Globe and Mail columnist Margaret Wente thinks that the obesity epidemic is an overblown crisis. She says research shows being a little bit -- even quite a bit -- overweight can be healthy. Certainly it's better to achieve cardio fitness despite some extra pounds than to be thin and unfit. A 5'4" woman, she says, could still be healthy at a weight of up to about 227 pounds. We've got a "morbid fear of fat" because various government, academic and commercial "empires" have conspired to brainwash us and to make "normal" plumpness socially unacceptable. Exercise and eating healthy is a good thing, she agrees: but taking weight off and keeping it off is next to impossible.
Hmmmmm. I think she's excessively pessimistic. Here at SparkPeople, the At Goal and Maintaining: Transitioning to Maintenance Team offers the strategies and the support to sustain weight loss. And most people do feel more comfortable physically at a leaner weight than she suggests is still "healthy".
But about one thing I think Wente is absolutely right: the discrimination and social stigma attached to being overweight are utterly unconscionable. And in broader society, outside the supportive community of SparkPeople, the implicit endorsement of such discrimination by government, academic and social pressure groups doesn't assist anyone to eat healthy or to exercise or to sustain weight loss.
I was a the golf course Sunday with DH and noticed a potato chip bag in one of the garbage containers on the 10th tee.
The chip bag was open and I looked in. There was a whole chip in the bottom of the bag, uneaten.
My first reaction: who could ever leave a chip uneaten in the bag and throw the bag out? Not me: I would have eaten them all, shaken out the crumbs, licked the inside of the bag . . . you get the idea.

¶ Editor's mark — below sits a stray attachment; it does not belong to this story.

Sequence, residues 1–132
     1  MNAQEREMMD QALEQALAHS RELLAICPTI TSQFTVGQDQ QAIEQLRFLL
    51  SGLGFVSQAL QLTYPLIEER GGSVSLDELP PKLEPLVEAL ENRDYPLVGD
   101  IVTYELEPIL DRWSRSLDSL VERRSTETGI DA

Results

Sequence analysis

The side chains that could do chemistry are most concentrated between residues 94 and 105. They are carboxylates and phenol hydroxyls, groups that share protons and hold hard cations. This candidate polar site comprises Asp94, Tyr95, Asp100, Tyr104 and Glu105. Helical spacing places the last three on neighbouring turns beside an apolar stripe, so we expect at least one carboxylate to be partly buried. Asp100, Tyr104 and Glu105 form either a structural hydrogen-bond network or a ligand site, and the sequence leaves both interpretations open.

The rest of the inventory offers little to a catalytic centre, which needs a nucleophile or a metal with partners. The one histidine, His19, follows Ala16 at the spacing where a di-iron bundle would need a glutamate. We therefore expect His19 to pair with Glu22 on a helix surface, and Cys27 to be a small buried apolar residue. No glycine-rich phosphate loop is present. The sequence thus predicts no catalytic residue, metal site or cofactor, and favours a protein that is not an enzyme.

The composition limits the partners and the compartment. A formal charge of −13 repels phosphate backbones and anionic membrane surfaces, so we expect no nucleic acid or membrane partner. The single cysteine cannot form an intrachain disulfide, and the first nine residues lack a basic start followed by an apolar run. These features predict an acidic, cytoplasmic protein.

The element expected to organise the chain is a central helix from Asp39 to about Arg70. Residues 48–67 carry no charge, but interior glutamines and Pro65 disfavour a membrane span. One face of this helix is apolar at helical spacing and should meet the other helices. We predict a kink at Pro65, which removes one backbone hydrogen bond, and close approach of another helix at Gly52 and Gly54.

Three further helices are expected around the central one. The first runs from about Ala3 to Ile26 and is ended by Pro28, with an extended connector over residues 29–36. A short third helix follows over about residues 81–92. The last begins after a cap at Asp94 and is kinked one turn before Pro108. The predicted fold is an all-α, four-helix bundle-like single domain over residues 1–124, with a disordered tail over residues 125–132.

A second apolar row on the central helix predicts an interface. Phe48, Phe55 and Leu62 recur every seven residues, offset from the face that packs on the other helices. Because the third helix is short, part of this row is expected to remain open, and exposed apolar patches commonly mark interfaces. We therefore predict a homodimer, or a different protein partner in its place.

My second reaction (shameful): I wonder if anyone would notice if I reached in and ate THAT potato chip?
Even worse: it was a BBQ chip. That's my least fave! But: I was still tempted. Seriously tempted.
And no: I did not eat the chip from the bag in the garbage.
But: I thought about it! Which is a clear illustration of how irresistible chips are. For me. I have never met a chip I didn't love. Sure, handmade kettle chips are better. But even those ersatz "Pringles" type made from reconstituted potatos. Even BAKED potato chips. Yeah.
And the only reason I didn't eat that one chip is that the one chip would have given rise to . . . buying a bag of chips . . . eating chips furtively every second day . . . buying chips every day. With graduation from the "single serving size" to the "industrial size" in, say, a week.
Moderation sets us up for failure, says an article in today's Toronto Globe and Mail..
Why? Because moderation requires us to make too many choices. If I tell myself that I can eat potato chips moderately, then I have to ask myself: how many is a moderate amount? And how many times a week is a moderate recurrence? If I don't eat potato chips at all . . . if I have a "no potato chips" policy for me . . . then I don't have to exhaust my decision-making power.
So: moderation becomes a form of tyranny.
In that sense, an inflexible rule is less tyrannical!
Feeling a little blue about nothing in particular today so . . . Charlie and I went to the swampy woods which reliably has gentians at this time of the year.
Not my own picture . . . because I'm not a skilled photographer at all . . . but this image captures perfectly the unique blue that I look for every year at this time.
Charlie had a wonderful run along the trails, ears flopping and tail wagging and yipping occasionally with sheer exuberance. He races ahead, turns around to make sure I'm still with him, runs back just to smile joyously, and then takes off again.
The yellow goldenrod and wild asters (every shade from palest mauve to deep deep purple) were also in bloom. There were just a very few bright red maple leaves. And the "BEARS HAVE BEEN SIGHTED IN THIS AREA: Keep your dog on the leash" sign had been posted: didn't see that one until Charlie and I were getting back into my car! I don't know how brave Charlie and I would have been if we had known!
If definitely feels like fall. Last weekend was sleeveless top and shorts: this weekend jeans and long sleeved Tshirt and jacket, with warm socks and duckboots. I made a huge pot of French Canadian pea soup, and some apple crisp with new season Paula Reds.
And: definitely left my blues in the gentian patch!!